Four Types of Communication – Or Are There More?

by Diane M. Hoffmann, ph.d./th.

From my observation, many people are searching for “the” four types of communication. Perhaps they are thinking of the four types of personalities. However, I will deal with four types of communication that are most commonly discussed.

Firstly, what is communication? It is a system for sending and receiving messages, whether that is personal or otherwise. Because communication is a system for sending and receiving, it therefore requires a Sender and a Receiver.

Communication is further described as “an act of transmitting. A giving or exchanging of information, signals, or messages by talk, gestures, writing, etc. To make known. To give information, messages. To have a systematic and meaningful relationship. A system for sending and receiving messages as by telephone, telegraph, radio, etc... A system as of routes for moving one place to another. The art of expressing ideas, esp. in speech and writing. The science of transmitting information, esp. in symbol." (The Websters New World Dictionary)

As we can see, communication can be of many types. From the description above, we could say that there are two types of primary communication: 1) communication exchanged by humans, and 2) communication exchanged through industrial systems (albeit executed by humans).

Within the primary type of human or personal communication, we can boil down a secondary set of four types of communication commonly used.

These four types of secondary communication are the: A) Verbal; B) Non-verbal; C) Written; and D) Visual.

The verbal type of communication is what comes out of our speaking tool – our mouth. It is the verbalized thought that is expressed through the sounds of our spoken words. This can be done in person, or by telephone or video conferences, etc.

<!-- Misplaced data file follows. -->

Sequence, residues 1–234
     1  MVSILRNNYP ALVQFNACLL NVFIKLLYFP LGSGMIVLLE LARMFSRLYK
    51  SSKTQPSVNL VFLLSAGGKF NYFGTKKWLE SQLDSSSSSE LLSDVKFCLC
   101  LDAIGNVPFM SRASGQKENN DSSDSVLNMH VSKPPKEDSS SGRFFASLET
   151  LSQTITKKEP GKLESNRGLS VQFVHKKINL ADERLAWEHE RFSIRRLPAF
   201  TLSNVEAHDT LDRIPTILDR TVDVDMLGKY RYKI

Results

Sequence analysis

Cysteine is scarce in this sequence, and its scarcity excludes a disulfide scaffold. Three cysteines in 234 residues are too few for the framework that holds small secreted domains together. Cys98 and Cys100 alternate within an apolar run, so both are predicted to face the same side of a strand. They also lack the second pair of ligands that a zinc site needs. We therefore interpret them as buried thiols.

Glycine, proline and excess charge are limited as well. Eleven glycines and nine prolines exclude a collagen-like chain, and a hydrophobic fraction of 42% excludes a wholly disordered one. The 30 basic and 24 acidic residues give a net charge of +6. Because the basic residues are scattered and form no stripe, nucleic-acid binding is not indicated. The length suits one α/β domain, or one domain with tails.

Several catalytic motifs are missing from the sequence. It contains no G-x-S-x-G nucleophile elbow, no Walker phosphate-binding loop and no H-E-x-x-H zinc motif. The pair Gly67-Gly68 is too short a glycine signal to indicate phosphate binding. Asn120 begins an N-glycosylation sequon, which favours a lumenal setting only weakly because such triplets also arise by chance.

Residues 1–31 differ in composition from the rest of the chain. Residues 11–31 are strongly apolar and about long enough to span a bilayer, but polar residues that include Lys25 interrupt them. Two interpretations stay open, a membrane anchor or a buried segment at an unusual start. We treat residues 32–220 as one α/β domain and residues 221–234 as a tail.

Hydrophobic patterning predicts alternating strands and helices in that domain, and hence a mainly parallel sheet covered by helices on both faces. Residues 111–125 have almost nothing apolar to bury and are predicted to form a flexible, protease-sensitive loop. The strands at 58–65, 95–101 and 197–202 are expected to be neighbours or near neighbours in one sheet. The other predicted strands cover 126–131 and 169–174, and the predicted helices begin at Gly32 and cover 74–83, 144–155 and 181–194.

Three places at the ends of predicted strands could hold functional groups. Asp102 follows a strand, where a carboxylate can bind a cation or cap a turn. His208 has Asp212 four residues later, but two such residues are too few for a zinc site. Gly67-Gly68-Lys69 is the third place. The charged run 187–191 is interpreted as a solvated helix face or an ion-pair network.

The non-verbal type of communication is the message we send, consciously or unconsciously, around our words, like gestures, tone of voice, facial expressions and physical appearance. This can be seen in person or through other means of tele-transmission.

The written type of communication is simply the words that we put into written forms. This can be through letters, memos, reports, emails, books, etc. It can only be read by the one receiving the communication (or heard by someone reading it to the receiver). This too can carry a non-verbal (non-written) tone that can be misread.

The visual type of communication is the addition of specially designed graphics or diagrams or illustrations to describe, explain or support, in a visual format, the subject that is being spoken or written about.

Then within the number two primary communication exchanged through industrial systems, we can extract the following secondary types of communication in accordance with the communication description above: A) Transportation by truck, ships and planes; B) Transmission of symbols and files by other means such as computer and Internet; C) Transmission of verbal, non-verbal, written and visual by way of television, radio and other industrial and commercial means.

So, right here, we already have two primary types of communication and seven secondary types of communication. And we could easily come up with some more. Because communication goes far beyond our commonly known verbal, non-verbal, written and visual four types of communication. /dmh

Article Copyright(c)Diane M. Hoffmann. You may print this article making sure to include the following bio without any changes.

Diane M. Hoffmann is the founder of Hoffmann-Rondeau Communications and author of the 296-page printed book "Contextual Communication, Organization and Training". Diane also provides a 2-part e-book version of her printed book, "Improve Communication, Verbal and Nonverbal" and "Improve Communication, Organization and Training" as well as many free articles which can be seen at her blog at http://contextual-communication-hrd.blogspot.com/.

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